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Richard Dawkins’s Roll of the Dice

In an informal dialogue with the Archbishop of Canterbury, Richard Dawkins surprised his audience by disclaiming the title of “atheist” — as in World’s Most Famous Atheist, as he’s been universally known up till now — in favor of “agnostic.” This prompted one Christian email correspondent of ours to speculate longingly on whether Dawkins could emerge as a sort of latter-day St. Paul, eventually seeing the light and embracing religious belief.
Don’t hold your breath on that one, though Dawkins’s listeners were undestandably startled at his backing away from “atheism” in favor of the more modest descriptor, “agnosticism.” He explained that he can’t know with certainty that God doesn’t exist but on a scale of 1 to 7, (with a nervous laugh) he rates himself a 6.9.
Well, that would work out to 98.57 percent confidence. I happen to have a ten-sided dice handy — used in a game I play with my 10-year-old son — with which, by rolling twice, you can conveniently generate random numbers between 1 and 100. Let’s see how long it takes me to beat the odds against God.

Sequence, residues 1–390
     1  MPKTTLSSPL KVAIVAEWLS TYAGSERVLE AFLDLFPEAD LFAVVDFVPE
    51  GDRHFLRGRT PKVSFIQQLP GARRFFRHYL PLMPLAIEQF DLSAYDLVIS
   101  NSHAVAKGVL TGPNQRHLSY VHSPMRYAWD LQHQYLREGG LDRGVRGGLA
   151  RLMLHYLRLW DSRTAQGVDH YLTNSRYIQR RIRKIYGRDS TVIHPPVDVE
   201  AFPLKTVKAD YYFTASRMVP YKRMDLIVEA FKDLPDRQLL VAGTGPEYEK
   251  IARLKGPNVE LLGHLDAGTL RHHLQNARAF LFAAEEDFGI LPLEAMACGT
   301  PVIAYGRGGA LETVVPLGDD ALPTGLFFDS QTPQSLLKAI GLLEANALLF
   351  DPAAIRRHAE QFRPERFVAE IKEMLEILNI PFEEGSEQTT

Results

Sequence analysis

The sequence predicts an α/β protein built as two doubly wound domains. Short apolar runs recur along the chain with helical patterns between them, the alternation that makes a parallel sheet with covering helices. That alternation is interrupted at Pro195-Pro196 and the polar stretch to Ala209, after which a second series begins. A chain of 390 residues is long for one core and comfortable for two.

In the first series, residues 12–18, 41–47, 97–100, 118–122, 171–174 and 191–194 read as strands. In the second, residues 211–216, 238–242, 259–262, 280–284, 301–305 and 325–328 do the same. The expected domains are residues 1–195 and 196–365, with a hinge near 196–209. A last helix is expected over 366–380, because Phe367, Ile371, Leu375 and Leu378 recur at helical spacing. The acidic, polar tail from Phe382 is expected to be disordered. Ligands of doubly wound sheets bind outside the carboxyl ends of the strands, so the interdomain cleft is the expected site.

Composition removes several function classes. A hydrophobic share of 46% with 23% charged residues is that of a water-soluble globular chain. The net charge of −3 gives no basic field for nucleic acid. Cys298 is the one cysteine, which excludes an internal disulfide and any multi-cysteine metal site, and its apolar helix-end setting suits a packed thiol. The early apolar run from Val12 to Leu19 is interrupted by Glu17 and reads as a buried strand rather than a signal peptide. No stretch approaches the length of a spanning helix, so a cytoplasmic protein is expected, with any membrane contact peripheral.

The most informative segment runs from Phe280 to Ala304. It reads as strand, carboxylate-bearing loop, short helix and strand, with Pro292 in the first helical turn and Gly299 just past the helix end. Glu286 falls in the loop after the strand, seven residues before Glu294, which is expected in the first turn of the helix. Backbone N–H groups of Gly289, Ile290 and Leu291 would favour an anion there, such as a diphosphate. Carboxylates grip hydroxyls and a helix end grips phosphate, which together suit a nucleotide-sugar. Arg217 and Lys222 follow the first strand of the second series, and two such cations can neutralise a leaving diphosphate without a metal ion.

You are witnessing a real-time scientific trial. (And they say intelligent-design advocates don’t do those!) Here we go: 68, 10, 27, 40, 64, 36, 77, 96, and…99.
That took 9 attempts and about 30 seconds. Dawkins said, “I think the probability of a supernatural creator existing is very very low.” Yet even at 98.57 percent, the odds were not that bad. I would be somewhat reluctant to bet a hundred bucks on that basis. If I were Richard Dawkins it sure does seem like, rather than continue a campaign of mockery against religion, the better-advised course would be to continue on my course of enhanced modesty and just be quiet.

David Klinghoffer

Senior Fellow and Editor, Evolution News
David Klinghoffer is a Senior Fellow at Discovery Institute and the editor of Evolution News & Science Today, the daily voice of Discovery Institute’s Center for Science & Culture, reporting on intelligent design, evolution, and the intersection of science and culture. Klinghoffer is also the author of six books, a former senior editor and literary editor at National Review magazine, and has written for the Los Angeles Times, New York Times, Wall Street Journal, Washington Post, Seattle Times, Commentary, and other publications. Born in Santa Monica, California, he graduated from Brown University in 1987 with an A.B. magna cum laude in comparative literature and religious studies. David lives near Seattle, Washington, with his wife and children.



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